Health care focus of North County economic summit | Local


“All bets are off and it’s a whole new world” if President Barack Obama’s Affordable Care Act (ACA) is repealed. Those were the words Friday morning of Bob Freeman, head of CenCal, which provides health care access to one in four residents of Santa Barbara and San Luis Obispo counties.

Freeman spoke to a gathering of several hundred business and civic leaders from across the Central Coast, who gathered at the Radisson Hotel in Santa Maria for the North Santa Barbara County Economic Summit, a part of the University of California Santa Barbara Economic Forecast Project.

The Summit focused on health care, and featured four regional health care providers as well as journalist Dan Walters, a columnist for the Sacramento Bee who spoke on the politics of health care, and Peter Rupert, executive director of the UCSB Economic Forecast.

CenCal is one of the first Medicaid-only managed healthcare plans in the nation.

“Forty-nine states call Medicaid, Medicaid. One calls it Medi-Cal. That’s California,” said Freeman.

Medicaid is the largest health insurance program in the nation; covering about 90 million people. Freeman said the ACA expanded the rules as to who could be covered by Medicaid and Medi-Cal.

One of every two babies born in California uses Medi-Cal, he said.

“The attitude about Medi-Cal is that it is a program for the very poor and destitute. That has definitely changed; 80 percent of the Medi-Cal population have jobs,” Freeman told the gathering.

According to Freeman, no one anticipated how fast Medi-Cal’s enrollment would grow under the ACA. He said Medi-Cal grows by about 3,500 users a month.

“This population has benefitted from having healthcare,” Freeman said.

Chuck Cova, senior vice president of operations for Dignity Health, which manages Marian Regional Medical Center, said that efforts in Washington D.C. to change the nation’s health care system aren’t about caring for patients; it’s about financing the care system.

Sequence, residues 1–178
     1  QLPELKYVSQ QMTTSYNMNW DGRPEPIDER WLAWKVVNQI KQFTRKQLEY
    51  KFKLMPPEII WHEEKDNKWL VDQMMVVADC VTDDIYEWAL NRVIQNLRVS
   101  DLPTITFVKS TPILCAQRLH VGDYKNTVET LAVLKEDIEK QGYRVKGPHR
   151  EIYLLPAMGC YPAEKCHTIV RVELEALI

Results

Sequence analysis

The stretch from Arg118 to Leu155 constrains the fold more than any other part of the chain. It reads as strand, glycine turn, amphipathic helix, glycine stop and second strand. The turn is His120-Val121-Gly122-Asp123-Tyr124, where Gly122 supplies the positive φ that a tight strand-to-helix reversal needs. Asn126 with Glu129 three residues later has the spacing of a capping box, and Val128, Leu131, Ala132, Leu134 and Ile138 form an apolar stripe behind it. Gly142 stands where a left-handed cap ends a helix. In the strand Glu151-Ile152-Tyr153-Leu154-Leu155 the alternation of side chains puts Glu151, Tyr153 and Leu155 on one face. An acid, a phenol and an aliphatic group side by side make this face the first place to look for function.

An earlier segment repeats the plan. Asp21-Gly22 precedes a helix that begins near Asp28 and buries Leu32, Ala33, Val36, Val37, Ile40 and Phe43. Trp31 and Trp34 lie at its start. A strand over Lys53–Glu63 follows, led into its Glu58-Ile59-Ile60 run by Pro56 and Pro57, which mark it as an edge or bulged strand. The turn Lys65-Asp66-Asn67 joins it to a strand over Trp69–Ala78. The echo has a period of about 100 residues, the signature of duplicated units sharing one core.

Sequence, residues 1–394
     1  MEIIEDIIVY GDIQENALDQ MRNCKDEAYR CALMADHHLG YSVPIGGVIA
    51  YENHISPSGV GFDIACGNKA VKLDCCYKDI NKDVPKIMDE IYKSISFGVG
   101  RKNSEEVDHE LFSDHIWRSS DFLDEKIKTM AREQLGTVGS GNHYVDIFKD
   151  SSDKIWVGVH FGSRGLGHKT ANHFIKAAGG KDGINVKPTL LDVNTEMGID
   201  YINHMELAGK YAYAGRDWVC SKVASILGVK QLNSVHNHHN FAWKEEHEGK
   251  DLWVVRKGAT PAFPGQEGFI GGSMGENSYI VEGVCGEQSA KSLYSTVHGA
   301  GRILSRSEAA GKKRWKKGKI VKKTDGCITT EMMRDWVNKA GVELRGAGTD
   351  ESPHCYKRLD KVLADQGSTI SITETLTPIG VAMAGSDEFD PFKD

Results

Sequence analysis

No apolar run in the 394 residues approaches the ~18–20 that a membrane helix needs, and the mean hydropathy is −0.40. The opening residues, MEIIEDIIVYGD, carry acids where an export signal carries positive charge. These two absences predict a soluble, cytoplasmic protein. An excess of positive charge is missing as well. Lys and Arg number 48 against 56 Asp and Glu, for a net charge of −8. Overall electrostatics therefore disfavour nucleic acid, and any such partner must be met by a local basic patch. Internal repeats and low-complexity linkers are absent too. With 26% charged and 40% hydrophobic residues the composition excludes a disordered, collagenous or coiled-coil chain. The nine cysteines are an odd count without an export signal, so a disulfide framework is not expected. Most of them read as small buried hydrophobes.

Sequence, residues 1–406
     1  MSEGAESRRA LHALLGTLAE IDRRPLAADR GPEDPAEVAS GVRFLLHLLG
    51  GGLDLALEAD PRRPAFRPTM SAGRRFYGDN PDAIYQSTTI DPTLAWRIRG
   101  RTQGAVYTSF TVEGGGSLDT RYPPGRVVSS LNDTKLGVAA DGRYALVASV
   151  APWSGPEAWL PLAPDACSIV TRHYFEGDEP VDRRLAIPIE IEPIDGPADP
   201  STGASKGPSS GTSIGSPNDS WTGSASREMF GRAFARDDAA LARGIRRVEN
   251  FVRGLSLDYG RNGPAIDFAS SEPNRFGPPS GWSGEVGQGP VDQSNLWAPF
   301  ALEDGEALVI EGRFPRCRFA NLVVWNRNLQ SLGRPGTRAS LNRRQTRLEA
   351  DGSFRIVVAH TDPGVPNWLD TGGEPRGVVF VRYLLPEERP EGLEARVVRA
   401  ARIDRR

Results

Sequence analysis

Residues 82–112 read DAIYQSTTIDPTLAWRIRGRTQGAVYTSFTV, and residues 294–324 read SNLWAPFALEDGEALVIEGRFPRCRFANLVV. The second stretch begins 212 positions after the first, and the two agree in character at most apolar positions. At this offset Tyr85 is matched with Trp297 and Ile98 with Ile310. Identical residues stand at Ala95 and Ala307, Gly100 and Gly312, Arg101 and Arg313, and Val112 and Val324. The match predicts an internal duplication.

“We shouldn’t kid ourselves, health care reform is really about the cost of health care as a gross national product,” Cova said.

He said one of the ACA’s goals was to provide more access to primary care providers.

“We know that if we can provide access to primary care the better the outcome,” Cova said.

He said no matter what the health care world looks like, providers will still focus on care.

“Regardless of what happens with health care reform, we still have a commitment to serve our communities,” Cova said.

Naishadh Buch, chief operating officer for the Lompoc Valley Medical Center, focused on the region’s only public-run hospital system.

“Lompoc Health Care District is a political subdivision of the state of California,” Buch said.

It operates a hospital, along with drug rehabilitation and treatment, and oncology centers.

“Our point is not to do everything, but to do the things that we do, well. We wouldn’t do the heart transplant, we aren’t large enough, but we will take care of people that need heart transplants and send them on the right way,” he said.

Ron Werft, president of Cottage Health which operates hospitals in Santa Barbara and the Santa Ynez Valley, agreed with his counterparts about the idea behind health care reform.

“We really aren’t trying to do health care reform, we are really changing the way we finance healthcare,” Werft said.

Werft also spoke about the economic impact of all of the hospitals that serve residents of Santa Barbara County.

“(Santa Barbara County’s health care providers) are a very large workforce provider. We have 6,600 jobs in the county. We spend about $1.2 to $1.3 billion per year. When you use economic multipliers, the subsequent spending and investments by our employees in the community results in about a $2.8 billion economic impact from our hospitals,” Werft said.

Logan B. Anderson covers city government in Santa Maria for Lee Central Coast Newspapers. Follow him on Twitter: @LoganBAnderson.

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Health care focus of North County economic summit | Local

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